Fourth, Happiness Is The By-Product Of Engaging All These Do Points Well
You cannot achieve happiness with only one or a few.
One important strategy for making peace – one of His teaching points – is approaching the conflict with a meek attitude – another teaching point. Meaning, of course, that these points aren’t applied in isolation. They work together. When friction occurs (the opposite of peace) responding arrogantly (the opposite of meek) is one way to put fuel on the fire.
We must follow all the “do” points, not just the ones we like best.
Fifth, If You Are All Of These Things You Will Be Obviously Christian
You won’t become a Christian by doing these things but you will be recognized as a Christian by doing them.
People who implement these keys to happiness won’t need to tell anyone they are Christian. Others will see it and say it for them.
And Jesus is the one who emphasized this. It is not coincidental that He followed these happy sayings immediately with “you are the salt of the earth” and “you are the light of the world.”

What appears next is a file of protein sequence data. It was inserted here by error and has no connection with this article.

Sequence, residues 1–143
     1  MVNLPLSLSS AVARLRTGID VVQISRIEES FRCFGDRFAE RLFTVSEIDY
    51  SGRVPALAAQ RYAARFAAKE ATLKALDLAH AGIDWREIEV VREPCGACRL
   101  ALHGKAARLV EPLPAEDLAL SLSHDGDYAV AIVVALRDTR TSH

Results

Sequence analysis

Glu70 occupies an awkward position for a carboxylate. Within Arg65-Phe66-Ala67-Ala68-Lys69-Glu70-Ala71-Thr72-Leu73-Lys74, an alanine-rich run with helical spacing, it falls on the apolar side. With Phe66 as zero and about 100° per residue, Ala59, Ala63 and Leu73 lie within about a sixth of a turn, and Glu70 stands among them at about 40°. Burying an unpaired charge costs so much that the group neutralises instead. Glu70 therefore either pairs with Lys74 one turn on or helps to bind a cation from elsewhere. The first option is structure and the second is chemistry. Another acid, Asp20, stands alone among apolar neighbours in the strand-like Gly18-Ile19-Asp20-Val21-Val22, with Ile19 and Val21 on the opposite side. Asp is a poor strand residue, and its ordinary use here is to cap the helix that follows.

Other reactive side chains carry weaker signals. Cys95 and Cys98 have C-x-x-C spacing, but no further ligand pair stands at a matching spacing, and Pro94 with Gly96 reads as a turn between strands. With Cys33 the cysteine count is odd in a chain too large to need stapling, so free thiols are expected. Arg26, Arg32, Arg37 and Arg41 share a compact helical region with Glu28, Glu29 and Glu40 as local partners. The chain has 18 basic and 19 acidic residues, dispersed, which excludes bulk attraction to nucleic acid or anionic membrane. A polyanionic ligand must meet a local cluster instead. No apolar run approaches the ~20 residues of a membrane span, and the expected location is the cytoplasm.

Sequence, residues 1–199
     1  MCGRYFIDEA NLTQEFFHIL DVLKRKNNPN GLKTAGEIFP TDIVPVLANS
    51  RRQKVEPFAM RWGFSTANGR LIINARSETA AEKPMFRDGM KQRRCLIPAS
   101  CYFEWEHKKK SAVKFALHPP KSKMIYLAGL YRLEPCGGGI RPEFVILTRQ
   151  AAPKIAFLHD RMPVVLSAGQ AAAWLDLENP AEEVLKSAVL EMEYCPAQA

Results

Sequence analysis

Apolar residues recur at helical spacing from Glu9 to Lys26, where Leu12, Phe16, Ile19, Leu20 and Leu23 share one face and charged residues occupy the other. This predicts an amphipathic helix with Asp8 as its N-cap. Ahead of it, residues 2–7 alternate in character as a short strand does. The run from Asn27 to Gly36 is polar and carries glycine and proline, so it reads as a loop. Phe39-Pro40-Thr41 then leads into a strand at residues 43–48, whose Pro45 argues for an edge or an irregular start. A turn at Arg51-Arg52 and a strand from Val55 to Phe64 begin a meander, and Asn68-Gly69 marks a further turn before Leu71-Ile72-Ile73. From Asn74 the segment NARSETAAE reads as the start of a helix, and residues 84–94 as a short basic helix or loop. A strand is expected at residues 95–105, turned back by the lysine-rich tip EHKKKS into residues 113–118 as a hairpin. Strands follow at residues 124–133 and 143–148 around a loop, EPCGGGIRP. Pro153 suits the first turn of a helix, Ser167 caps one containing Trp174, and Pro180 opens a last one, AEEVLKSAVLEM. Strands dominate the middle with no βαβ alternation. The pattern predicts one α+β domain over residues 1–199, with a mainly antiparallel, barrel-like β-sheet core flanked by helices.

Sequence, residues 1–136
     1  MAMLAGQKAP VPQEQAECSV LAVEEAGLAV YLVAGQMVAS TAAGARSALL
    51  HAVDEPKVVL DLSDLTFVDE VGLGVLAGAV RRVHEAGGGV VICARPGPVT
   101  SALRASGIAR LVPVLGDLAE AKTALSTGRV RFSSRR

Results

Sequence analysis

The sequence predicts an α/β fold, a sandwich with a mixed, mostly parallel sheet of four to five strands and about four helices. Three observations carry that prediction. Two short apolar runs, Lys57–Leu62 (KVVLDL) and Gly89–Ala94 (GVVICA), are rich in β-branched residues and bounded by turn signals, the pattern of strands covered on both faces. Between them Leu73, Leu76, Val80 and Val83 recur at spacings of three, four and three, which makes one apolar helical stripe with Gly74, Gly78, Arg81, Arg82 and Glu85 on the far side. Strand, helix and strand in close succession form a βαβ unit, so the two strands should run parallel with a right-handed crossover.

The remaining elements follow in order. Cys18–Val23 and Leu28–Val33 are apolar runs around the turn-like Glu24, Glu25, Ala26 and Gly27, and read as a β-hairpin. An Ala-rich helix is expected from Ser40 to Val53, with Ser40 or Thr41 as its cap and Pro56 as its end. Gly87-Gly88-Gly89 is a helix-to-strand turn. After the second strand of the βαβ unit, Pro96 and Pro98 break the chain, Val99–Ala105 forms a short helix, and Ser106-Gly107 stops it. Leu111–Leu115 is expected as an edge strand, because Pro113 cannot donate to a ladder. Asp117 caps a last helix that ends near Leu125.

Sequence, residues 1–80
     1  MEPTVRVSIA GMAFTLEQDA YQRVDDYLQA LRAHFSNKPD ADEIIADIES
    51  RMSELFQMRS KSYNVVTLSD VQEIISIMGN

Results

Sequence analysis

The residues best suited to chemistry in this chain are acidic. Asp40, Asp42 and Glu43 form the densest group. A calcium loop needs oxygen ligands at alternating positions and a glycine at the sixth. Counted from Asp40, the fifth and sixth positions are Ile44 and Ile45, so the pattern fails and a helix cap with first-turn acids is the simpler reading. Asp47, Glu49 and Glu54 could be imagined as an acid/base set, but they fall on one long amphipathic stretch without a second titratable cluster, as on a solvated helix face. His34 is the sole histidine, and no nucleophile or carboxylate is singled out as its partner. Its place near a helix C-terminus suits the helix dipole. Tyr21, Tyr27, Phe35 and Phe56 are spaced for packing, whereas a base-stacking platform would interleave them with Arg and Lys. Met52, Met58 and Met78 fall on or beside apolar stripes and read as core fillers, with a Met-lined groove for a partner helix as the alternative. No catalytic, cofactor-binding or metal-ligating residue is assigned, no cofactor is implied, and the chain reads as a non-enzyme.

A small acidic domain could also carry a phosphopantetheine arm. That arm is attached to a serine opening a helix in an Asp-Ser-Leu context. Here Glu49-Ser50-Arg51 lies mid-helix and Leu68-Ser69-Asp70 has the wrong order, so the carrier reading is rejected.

Walking into every situation mouth first, spitting Bible verses like bullets is not exactly what Jesus had in mind here.
Don’t get me wrong. There is a time to speak up but our voice should be permeated with meekness, mercy and peace, not barbs. It is possible to disagree without being mouthy. Actually, you can disagree without saying a word.
Living the truth can be just as effective as speaking it. The most prominent tool for evangelizing should be your life accompanied by a well tempered mouth.
A Sixth Observation, Which Is Implied In These Verses, And Should Be Obvious Is This:
We inherently do not know how to achieve happiness.
For Jesus to tell us how to be happy is for Him to suggest that we do not really understand the issues.
If we knew how to be happy Jesus wouldn’t waste time telling us these things? He was telling us in a very gentle way that we really don’t know what we are doing.
Everyone makes the effort to be happy but there is a great deal of evidence to indicate that many never achieve it. Jesus understood this and spoke up.
Seventh, Jesus Is Telling Us That He Really Cares
Not only does Jesus care, this sermon was His way of saying we don’t have to live under the cloud of hurt and pain. He wants us to be genuinely happy.
We could never accuse Jesus of being “anti-happy” or insensitive. And He wants us to be blissfully, supremely happy not just better than most.